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The seven biggest economic lies

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The Latest
Tuesday, October 18, 2011

The President’s Jobs Bill doesn’t have a chance in Congress — and the Occupiers on Wall Street and elsewhere can’t become a national movement for a more equitable society – unless more Americans know the truth about the economy, says Robert Reich, Chancellor's Professor of Public Policy at the University of California at Berkeley.

Here’s a short (2 minute 30 second) effort to rebut the seven biggest whoppers now being told by those who want to take America backwards. The major points:
  1. Tax cuts for the rich trickle down to everyone else. Baloney. Ronald Reagan and George W. Bush both sliced taxes on the rich and what happened? Most Americans’ wages (measured by the real median wage) began flattening under Reagan and have dropped since George W. Bush. Trickle-down economics is a cruel joke.
  2. Higher taxes on the rich would hurt the economy and slow job growth. False. From the end of World War II until 1981, the richest Americans faced a top marginal tax rate of 70 percent or above. Under Dwight Eisenhower it was 91 percent. Even after all deductions and credits, the top taxes on the very rich were far higher than they’ve been since. Yet the economy grew faster during those years than it has since. (Don’t believe small businesses would be hurt by a higher marginal tax; fewer than 2 percent of small business owners are in the highest tax bracket.)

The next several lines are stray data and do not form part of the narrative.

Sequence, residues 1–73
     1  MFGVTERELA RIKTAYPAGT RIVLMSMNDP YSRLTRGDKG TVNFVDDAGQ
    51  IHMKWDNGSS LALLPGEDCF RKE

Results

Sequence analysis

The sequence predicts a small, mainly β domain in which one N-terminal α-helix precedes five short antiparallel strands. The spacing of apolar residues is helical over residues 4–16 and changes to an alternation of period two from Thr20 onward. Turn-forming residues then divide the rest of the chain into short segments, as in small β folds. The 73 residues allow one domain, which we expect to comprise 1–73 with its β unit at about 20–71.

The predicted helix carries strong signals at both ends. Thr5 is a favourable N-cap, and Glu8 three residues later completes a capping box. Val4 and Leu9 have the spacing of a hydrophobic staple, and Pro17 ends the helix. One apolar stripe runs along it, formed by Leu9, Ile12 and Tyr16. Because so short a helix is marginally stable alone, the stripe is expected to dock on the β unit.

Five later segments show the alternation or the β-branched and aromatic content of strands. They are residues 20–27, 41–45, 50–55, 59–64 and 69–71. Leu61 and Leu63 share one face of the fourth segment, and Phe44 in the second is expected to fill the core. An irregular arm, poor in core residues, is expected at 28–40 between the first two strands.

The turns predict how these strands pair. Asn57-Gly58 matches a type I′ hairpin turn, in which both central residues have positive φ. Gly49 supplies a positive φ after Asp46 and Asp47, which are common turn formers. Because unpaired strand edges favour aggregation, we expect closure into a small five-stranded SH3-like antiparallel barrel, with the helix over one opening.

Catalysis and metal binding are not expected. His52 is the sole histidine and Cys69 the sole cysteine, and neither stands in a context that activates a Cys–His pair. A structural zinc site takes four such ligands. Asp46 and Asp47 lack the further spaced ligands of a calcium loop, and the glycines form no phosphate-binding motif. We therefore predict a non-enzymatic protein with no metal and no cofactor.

3. Shrinking government generates more jobs. Wrong again. It means fewer government workers – everyone from teachers, fire fighters, police officers, and social workers at the state and local levels to safety inspectors and military personnel at the federal. And fewer government contractors, who would employ fewer private-sector workers. According to Moody’s economist Mark Zandi (a campaign advisor to John McCain), the $61 billion in spending cuts proposed by the House GOP will cost the economy 700,000 jobs this year and next.

Read the rest of the seven points at RobertReich.org.

 

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